DOF eyes higher VAT exemption threshold as ‘safety net for the poor’

Chris Schnabel
DOF eyes higher VAT exemption threshold as ‘safety net for the poor’
The Department of Finance also defends measures criticized as 'anti-poor' – the proposed higher fuel excise tax and the planned removal of certain VAT exemptions

MANILA, Philippines – The Department of Finance (DOF) plans to expand the threshold of value-added tax (VAT) exemption to P3 million in order to soften the blow of higher excise tax on fuel and the possible removal of certain exemptions for senior citizens and persons with disabilities (PWDs).

“In terms of the VAT, we are proposing to increase the threshold from the current P1.9 million to P3 million. That means that if you buy goods and services from firms and businesses with sales [of] less than P3 million [a year], it will be VAT-exempt,” said DOF Undersecretary Karl Kendrick Chua at a Senate hearing on tax reform on Monday, October 25.

Chua, also the DOF’s chief economist, said raising the threshold would greatly help small businesses.

The DOF had submitted the first of 5 planned tax reform packages to Congress in late September.

The first package includes lower personal income and corporate tax rates, but also has revenue-generating measures to offset the projected loss of P173.8 billion.

These measures include raising excise tax on fuel and removing certain VAT exemptions for senior citizens and PWDs – proposals which some lawmakers have criticized as “anti-poor.”

Additional safety net

Chua emphasized, however, that expanding the VAT threshold would benefit the poor.

“This is an additional safety net for the poor,” he said. “We are transforming our blind subsidies that benefit both rich and poor to a tax and transfer system that is more equitable.”

Chua also defended the proposed removal of certain VAT exemptions, which has been described as “counter-productive.”

“For senior citizens, we are proposing to retain the exemptions on medicine [as well as raw food]. However, we find that the expenses [from current VAT exemptions] in restaurants, air travel, and movie tickets are mostly consumed by rich seniors who can afford it so we are proposing to remove these exemptions,” he explained.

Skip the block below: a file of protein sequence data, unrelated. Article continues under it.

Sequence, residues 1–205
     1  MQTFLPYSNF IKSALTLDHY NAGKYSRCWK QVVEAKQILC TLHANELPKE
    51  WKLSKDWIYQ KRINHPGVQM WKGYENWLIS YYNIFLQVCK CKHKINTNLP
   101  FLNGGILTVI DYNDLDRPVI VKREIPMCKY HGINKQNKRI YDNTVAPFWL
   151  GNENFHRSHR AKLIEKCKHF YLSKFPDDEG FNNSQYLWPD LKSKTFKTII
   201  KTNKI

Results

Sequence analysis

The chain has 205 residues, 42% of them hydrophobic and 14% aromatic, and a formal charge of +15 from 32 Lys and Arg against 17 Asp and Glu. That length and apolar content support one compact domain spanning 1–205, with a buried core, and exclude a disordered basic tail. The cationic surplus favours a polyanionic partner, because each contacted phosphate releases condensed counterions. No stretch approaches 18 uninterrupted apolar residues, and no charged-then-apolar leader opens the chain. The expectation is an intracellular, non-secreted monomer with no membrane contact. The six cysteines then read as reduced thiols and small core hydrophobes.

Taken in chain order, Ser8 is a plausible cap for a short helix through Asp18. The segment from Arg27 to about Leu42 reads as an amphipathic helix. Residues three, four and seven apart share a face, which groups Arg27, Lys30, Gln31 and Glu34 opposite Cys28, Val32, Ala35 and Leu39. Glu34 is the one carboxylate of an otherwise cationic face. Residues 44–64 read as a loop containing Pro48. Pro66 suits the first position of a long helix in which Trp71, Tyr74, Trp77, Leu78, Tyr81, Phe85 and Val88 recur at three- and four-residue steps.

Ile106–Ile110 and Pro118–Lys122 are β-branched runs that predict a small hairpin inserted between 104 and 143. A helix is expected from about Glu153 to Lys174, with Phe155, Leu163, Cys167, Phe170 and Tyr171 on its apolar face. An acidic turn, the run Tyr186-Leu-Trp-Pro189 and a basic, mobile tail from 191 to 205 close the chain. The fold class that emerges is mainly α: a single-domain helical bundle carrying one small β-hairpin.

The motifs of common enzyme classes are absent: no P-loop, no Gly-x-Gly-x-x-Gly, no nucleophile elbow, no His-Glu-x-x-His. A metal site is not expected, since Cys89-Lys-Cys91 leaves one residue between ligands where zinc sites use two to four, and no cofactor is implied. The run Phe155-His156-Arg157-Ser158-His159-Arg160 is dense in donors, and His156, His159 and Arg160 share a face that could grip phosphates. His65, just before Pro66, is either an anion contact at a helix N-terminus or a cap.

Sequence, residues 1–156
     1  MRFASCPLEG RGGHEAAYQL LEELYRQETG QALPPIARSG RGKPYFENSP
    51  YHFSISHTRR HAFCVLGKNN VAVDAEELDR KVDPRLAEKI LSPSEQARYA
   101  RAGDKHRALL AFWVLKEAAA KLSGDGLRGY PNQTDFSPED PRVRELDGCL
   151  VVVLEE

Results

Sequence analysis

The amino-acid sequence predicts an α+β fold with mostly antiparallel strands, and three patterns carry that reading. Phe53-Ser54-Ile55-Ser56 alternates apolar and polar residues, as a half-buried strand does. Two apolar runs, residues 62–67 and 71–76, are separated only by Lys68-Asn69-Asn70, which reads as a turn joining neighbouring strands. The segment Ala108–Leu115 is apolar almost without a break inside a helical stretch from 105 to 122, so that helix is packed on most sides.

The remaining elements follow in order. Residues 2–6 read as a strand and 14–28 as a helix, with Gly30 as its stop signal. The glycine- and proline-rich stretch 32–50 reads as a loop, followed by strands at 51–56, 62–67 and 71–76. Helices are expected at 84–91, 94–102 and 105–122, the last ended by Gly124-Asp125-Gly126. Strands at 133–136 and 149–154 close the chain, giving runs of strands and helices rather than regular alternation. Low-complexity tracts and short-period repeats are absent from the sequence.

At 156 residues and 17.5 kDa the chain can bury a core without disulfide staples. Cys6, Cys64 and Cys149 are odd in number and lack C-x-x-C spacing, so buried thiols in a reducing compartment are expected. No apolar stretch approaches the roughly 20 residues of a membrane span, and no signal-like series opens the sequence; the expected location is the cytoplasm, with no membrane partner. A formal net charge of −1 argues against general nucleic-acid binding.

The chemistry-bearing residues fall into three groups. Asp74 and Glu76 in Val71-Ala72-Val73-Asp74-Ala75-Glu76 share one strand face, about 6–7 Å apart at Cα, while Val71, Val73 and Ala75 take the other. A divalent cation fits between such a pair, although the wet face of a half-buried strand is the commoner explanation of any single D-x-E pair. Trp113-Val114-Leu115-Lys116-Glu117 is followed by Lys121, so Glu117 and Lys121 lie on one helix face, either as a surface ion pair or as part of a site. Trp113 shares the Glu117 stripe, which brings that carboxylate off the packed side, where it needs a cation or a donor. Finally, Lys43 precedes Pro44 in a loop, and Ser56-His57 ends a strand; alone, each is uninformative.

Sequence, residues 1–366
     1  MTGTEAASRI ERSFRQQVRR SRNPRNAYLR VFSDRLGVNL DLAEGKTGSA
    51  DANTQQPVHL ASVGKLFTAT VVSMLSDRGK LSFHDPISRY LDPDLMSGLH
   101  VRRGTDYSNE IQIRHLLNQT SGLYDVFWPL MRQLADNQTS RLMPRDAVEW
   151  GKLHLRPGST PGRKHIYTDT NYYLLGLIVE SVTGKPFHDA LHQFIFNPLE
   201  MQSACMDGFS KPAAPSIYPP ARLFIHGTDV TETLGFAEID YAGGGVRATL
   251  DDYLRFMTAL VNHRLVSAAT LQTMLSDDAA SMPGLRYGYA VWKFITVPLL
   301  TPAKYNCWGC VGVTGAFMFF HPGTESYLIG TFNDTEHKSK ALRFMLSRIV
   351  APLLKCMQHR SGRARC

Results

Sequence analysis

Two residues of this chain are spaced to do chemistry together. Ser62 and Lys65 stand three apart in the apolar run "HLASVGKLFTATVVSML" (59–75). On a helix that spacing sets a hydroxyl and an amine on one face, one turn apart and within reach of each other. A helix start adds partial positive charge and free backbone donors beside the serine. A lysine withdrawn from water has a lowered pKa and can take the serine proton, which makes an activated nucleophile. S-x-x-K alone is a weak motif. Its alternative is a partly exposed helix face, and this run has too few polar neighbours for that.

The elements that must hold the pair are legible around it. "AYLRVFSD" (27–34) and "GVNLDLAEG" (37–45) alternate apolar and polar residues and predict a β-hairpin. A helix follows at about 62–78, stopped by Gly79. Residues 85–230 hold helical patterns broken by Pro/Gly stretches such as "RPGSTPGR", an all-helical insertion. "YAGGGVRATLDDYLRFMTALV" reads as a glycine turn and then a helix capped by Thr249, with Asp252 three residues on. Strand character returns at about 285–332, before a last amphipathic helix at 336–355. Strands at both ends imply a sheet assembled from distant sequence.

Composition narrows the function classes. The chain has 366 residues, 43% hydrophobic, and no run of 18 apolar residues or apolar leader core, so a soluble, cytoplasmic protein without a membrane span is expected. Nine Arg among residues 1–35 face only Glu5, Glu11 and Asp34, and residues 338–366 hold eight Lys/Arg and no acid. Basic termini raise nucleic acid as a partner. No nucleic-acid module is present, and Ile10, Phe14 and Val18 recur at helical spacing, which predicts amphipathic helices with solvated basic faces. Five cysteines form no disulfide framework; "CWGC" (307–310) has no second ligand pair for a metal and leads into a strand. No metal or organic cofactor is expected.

The revenue generated from removing these exemptions would then be given to the poor and vulnerable senior citizens through expanded pensions.

“For PWDs, we are proposing to transform the current VAT exemptions through more direct services and health packages,” Chua added.

He also noted that the country currently has 60 lines of VAT exemptions while Indonesia has 30 and Thailand, 35.

The DOF’s rough estimate is that the leakage from senior citizen exemptions is around P6 billion to P10 billion while removing some exemptions for PWDs would raise an additional P1 billion.

“I think we have a very strong case. The rationale for progressivity, simplicity, and efficiency are there. There will be certain people and industries that will be affected but this needs to be looked at from a more comprehensive perspective,” Chua said.

“We did reforms to the VAT in 2004 and we ended up with a far better economy than if we did not do it,” he added.

Emotionally-charged issue

But Senator Juan Edgardo Angara, chairman of the ways and means committee, cautioned that removing certain exemptions for senior citizens and PWDs is a sensitive matter.

“As you know, it’s a very emotionally-charged issue, not a pure mathematical one. It’s something that seniors feel they have already earned, having served for so long. You might not want to spend your political capital there,” Angara told the DOF at the hearing. “There is also the principle of compassion.”

Senate Minority Leader Ralph Recto also noted that the government’s tax collection should be improved first. A World Bank estimate indicates around P323 billion in taxes go uncollected due to evasion and smuggling.

For his part, Chua said the first reform package is targeted to be passed next year with implementation to start in 2018, which gives the DOF plenty of time to consult stakeholders, refine the package, and strengthen tax collection efforts.

“Our goal right now and next year is to work together with the Bureau of Internal Revenue and [the Bureau of] Customs to find a way to improve tax administration,” he said.

“We are not asking for the policy to be implemented today. We are asking [Congress] to consider our proposals and help us come up with a new bill that we can all be proud of. We’ll try to strike a balance,” he added. –

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